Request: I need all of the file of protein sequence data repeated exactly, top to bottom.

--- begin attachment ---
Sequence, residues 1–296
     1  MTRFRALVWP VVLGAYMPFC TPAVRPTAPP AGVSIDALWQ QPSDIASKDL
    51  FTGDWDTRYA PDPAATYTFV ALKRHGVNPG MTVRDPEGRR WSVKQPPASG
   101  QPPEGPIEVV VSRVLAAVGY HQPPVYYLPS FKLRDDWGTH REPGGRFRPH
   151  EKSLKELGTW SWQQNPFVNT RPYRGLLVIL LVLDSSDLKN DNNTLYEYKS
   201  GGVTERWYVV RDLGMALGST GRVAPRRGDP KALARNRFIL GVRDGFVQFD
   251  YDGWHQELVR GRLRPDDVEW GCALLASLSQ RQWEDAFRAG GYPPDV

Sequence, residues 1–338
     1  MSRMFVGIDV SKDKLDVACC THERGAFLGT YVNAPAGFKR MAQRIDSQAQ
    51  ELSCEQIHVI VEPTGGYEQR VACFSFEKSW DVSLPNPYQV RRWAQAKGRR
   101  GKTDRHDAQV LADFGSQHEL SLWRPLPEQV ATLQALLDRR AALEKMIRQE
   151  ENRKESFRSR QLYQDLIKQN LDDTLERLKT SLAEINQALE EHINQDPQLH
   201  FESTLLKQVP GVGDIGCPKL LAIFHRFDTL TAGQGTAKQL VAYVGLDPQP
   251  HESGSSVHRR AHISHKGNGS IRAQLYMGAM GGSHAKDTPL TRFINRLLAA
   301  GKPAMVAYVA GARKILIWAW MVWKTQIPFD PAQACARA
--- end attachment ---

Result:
Sequence, residues 1–296
     1  MTRFRALVWP VVLGAYMPFC TPAVRPTAPP AGVSIDALWQ QPSDIASKDL
    51  FTGDWDTRYA PDPAATYTFV ALKRHGVNPG MTVRDPEGRR WSVKQPPASG
   101  QPPEGPIEVV VSRVLAAVGY HQPPVYYLPS FKLRDDWGTH REPGGRFRPH
   151  EKSLKELGTW SWQQNPFVNT RPYRGLLVIL LVLDSSDLKN DNNTLYEYKS
   201  GGVTERWYVV RDLGMALGST GRVAPRRGDP KALARNRFIL GVRDGFVQFD
   251  YDGWHQELVR GRLRPDDVEW GCALLASLSQ RQWEDAFRAG GYPPDV

Sequence, residues 1–338
     1  MSRMFVGIDV SKDKLDVACC THERGAFLGT YVNAPAGFKR MAQRIDSQAQ
    51  ELSCEQIHVI VEPTGGYEQR VACFSFEKSW DVSLPNPYQV RRWAQAKGRR
   101  GKTDRHDAQV LADFGSQHEL SLWRPLPEQV ATLQALLDRR AALEKMIRQE
   151  ENRKESFRSR QLYQDLIKQN LDDTLERLKT SLAEINQALE EHINQDPQLH
   201  FESTLLKQVP GVGDIGCPKL LAIFHRFDTL TAGQGTAKQL VAYVGLDPQP
   251  HESGSSVHRR AHISHKGNGS IRAQLYMGAM GGSHAKDTPL TRFINRLLAA
   301  GKPAMVAYVA GARKILIWAW MVWKTQIPFD PAQACARA